Intel to build new chip factories in Europe

Intel to build new chip factories in Europe

Intel has announced its plans for the future. The company is betting big on the production of 7nm chips and wants to make its chip factories available to other companies too. For this, the company wants to build more chip factories, starting with two factories in the American state of Arizona. Intel did confirm it will expand its capacity in Europe as well, detailed announcements of new European factories will come later this year.

Intel’s plans are set out in a press release. In it, the company says that the developments of the 7nm process are going well. The company is using the new EUV-technique. In the second quarter of 2021, Intel expects to begin the final design phase of the compute tile of the upcoming Meteor Lake generation. This suggests that Meteor Lake chips will consist of multiple parts, similar to the technique used by AMD with its Zen chips.

More production capacity

The company is looking to deploy its 7nm capability on a large scale. The technology will not only be used for its own products, but third parties will also be able to buy production capacity. For example to produce new ARM-chips, the capacity is not limited to x86-chips. This extra capacity is intended to be located in both the US and Europe. This means that the company wants to build new factories.

Most of Intel’s factories are already in the US, but the company wants to add two more. These chip factories will be located in the state of Arizona, after an investment of about 20 billion dollars. In Europe, Intel has only one chip factory, the one in Ireland. It is likely that Intel wants to produce more chips in Europe in the long run, especially since the EU wants to bring more technical developments to the continent. However, Intel has not yet made any concrete proposals in this area.

Cooperation with third parties

Intel does, however, want to move away from its complete dependence on its own factories. The company wants to strengthen its ties with other chipmakers and outsource some of its production. Intel specifically mentions communication equipment, chipsets and graphics chips. It seems like the production of its compute cores will remain in-house.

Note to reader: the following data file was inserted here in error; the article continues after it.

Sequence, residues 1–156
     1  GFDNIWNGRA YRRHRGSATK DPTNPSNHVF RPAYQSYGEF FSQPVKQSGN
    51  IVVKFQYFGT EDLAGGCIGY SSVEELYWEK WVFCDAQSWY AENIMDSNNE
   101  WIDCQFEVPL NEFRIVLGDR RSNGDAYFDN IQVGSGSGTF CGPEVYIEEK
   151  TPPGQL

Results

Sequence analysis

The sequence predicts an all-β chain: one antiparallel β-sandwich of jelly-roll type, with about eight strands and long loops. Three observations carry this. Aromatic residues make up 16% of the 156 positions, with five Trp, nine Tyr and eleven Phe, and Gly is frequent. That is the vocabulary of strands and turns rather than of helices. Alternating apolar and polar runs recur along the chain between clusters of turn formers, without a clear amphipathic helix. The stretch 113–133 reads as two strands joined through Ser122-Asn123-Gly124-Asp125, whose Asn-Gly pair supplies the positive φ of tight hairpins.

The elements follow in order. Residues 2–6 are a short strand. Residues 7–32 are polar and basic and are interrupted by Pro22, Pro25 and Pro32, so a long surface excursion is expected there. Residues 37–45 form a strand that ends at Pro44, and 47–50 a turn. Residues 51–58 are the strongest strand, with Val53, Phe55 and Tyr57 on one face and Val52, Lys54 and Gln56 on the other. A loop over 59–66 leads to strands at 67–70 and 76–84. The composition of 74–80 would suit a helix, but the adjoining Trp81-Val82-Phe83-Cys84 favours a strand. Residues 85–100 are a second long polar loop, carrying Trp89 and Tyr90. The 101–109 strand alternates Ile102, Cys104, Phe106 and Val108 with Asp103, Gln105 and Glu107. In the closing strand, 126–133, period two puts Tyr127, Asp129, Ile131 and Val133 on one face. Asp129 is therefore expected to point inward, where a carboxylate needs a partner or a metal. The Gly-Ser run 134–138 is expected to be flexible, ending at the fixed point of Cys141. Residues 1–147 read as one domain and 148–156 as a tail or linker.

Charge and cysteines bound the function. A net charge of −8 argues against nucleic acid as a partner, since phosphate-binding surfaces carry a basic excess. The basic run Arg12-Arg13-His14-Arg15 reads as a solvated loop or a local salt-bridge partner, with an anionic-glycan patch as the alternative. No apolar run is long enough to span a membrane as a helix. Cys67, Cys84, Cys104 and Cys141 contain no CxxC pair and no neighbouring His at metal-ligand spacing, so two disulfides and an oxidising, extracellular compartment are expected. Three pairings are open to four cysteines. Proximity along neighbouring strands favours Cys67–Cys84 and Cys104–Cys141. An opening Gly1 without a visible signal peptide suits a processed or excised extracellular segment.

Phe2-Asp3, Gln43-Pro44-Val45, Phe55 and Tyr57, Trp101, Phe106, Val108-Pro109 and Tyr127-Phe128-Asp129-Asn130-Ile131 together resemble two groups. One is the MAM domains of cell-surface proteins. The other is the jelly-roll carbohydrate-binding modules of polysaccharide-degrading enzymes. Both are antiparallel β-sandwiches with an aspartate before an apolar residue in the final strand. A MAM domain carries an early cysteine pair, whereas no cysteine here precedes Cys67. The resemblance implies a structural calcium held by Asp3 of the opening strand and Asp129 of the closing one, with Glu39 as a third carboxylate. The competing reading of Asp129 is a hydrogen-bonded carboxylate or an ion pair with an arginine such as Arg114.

Furthermore, Intel has announced a collaboration with IBM. The two companies want to delve into the next generation of techniques used for chip design. Further details about the collaboration remain undisclosed.

Intel sums up its vision in what it calls IDM 2.0. By that, the company means it is an evolution of its integrated device manufacturing model.

“We are setting a course for a new era of innovation and product leadership at Intel,” said Gelsinger, Intel’s new CEO. “Intel is the only company with the depth and breadth of software, silicon and platforms, packaging, and process with at-scale manufacturing customers can depend on for their next-generation innovations. IDM 2.0 is an elegant strategy that only Intel can deliver – and it’s a winning formula. We will use it to design the best products and manufacture them in the best way possible for every category we compete in.”

Positive developments

The developments are positive news for Intel. The company has had difficulty in recent years in keeping up with processor development. The lead that the company had over its competitors has now more than closed. The biggest problem was in the development of its 10nm process. By now, the production of 10nm processors is slowly but surely starting to take off and the step to 7 nanometres is important in order not to lag behind the competition.

New CEO with engineering background

Pat Gelsinger became the CEO of Intel last month. Prior to that, he spent eight years at the helm of VMware, but previously worked at Intel as a chip designer. It’s a significant switch for Intel, which in recent years has had a few CEOs who were more knowledgeable about finance than chip design.